Steven Heydemann writes: The Syrian conflict has become a testing ground for techniques of authoritarian stabilization — the coordinated efforts of an interconnected network of authoritarian governments to prop up a like-minded regime threatened by a popular insurgency. Syria today stands out as a case of how developed global authoritarian networks have become. It sheds important light on the growing capacity of authoritarian actors to mobilize for the collective defense of regimes that are seen as central to the stability of such networks.
The authoritarian stabilization pact between Russia, Iran, and Syria that has kept Bashar al-Assad in power offers a stark example of an emerging international landscape in which democracies will find their room for maneuver increasingly constrained. Existing international institutions, notably the UN Security Council, have proven inadequate to respond to the challenges posed by the rise of such transnational authoritarian networks. Without a coordinated effort among democracies to overcome the institutional paralysis that has prevented decisive international action in cases like Syria, including formal legal standing for norms such as the Responsibility to Protect, democracies will find themselves at a significant disadvantage in resolving major regional and international conflicts, even as they — along with millions of Syrians — are compelled to bear the growing adjustment costs imposed by an increasingly polarized international order.
Russian President Vladimir Putin’s decision in late September to escalate Russia’s military support for the Assad regime, in close cooperation with Iran and its proxy, Hezbollah, provides a troubling but important case of authoritarian collective action to prevent the collapse of a strategically important ally. Syria’s experience underscores the growing scope of strategic and military cooperation among leading authoritarian regimes, as well as their increasingly sophisticated integration of military, political, economic, and diplomatic instruments — all buttressed by the effective use of conventional and social media to influence public opinion and create alternate realities justifying their actions. The pragmatic, non-ideological nature of this emerging authoritarian mutual defense pact permits alliances of convenience among both state and non-state actors (including Hezbollah forces, pro-Assad militias, and a range of Shi’a mercenaries from Iraq, Afghanistan, and Pakistan) and between authoritarian regimes that might otherwise be ideologically irreconcilable. In this ecumenical spirit, the leader of Hezbollah, Hassan Nasrallah, and the Primate of the Russian Orthodox Church have both endorsed Putin’s intervention in Syria, while Russian priests bless the missiles being loaded aboard Russian fighter jets. The Syrian case thus highlights the deepening cooperation among the Assad regime’s authoritarian allies, which now includes joint combat operations, intelligence sharing, and more tightly-linked diplomatic efforts. Russia has presented these new forms of cooperation as an alternative, authoritarian version of a “coalition of the willing,” drawing support from Egypt, China, and other authoritarian regimes that endorse the counter-terrorism narrative that Russia has used to justify its expanded intervention. [Continue reading…]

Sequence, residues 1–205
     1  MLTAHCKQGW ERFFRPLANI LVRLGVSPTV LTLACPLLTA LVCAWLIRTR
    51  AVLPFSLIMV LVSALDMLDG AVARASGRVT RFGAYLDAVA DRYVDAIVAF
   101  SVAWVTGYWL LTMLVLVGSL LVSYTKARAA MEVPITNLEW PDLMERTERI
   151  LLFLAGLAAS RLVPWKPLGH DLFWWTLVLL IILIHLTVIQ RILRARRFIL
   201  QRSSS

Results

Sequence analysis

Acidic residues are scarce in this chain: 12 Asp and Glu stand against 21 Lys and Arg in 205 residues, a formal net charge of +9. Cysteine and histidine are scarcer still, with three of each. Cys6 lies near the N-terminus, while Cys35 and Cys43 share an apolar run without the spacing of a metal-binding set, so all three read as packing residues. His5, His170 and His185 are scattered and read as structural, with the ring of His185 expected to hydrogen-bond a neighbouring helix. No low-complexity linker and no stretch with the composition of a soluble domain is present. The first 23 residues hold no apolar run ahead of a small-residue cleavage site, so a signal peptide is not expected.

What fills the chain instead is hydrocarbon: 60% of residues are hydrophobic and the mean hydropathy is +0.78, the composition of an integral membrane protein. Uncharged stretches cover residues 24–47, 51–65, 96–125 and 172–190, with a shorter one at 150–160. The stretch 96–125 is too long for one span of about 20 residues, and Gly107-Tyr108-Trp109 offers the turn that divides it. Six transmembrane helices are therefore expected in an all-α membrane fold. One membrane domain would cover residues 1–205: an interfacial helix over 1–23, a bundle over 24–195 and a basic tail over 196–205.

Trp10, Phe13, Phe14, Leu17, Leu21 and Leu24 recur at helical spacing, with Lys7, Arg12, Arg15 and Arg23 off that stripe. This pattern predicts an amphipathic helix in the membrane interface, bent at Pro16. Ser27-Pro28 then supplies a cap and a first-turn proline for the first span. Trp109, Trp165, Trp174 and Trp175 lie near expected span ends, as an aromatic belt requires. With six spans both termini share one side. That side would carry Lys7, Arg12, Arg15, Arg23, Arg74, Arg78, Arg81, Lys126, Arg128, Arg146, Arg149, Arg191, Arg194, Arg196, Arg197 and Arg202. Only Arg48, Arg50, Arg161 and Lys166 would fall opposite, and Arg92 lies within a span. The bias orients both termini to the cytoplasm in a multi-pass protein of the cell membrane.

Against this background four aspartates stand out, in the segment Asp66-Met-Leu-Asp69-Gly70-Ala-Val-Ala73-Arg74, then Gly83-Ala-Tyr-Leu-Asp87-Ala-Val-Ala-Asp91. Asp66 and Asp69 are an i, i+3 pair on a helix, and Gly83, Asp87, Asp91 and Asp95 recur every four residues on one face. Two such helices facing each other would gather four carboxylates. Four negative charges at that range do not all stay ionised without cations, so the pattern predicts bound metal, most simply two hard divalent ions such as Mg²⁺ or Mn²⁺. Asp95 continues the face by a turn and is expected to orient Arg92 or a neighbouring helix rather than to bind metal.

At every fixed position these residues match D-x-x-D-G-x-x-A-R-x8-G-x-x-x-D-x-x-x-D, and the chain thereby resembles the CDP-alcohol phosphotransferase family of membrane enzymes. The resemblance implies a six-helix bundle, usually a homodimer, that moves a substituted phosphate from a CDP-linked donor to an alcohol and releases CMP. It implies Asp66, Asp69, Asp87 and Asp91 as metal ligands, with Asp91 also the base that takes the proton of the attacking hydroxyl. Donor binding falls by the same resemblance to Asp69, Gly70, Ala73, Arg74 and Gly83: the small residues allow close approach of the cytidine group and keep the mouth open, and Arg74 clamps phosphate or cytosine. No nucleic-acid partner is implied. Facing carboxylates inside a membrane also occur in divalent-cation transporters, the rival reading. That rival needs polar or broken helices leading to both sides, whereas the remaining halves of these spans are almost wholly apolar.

I’d be fascinated to read Heydemann’s impressions of the Saudi Arabian assault (with US support) on Yemen, particularly as it relates to the selectively enforced R2P. Furthermore, I’m left to wonder if he is as curious as I about the divergent response in the West to Russia’s alleged support for ethnic Russians of eastern Ukraine in restoring some semblance of normalcy following the violent overthrow of their elected government in Kiev and the Saudi Arabian invasion of neighboring Yemen in hopes of restoring the authority of Abdu Rabbu Mansour Hadi following his overthrow by the Houthi Shiites in January of this year.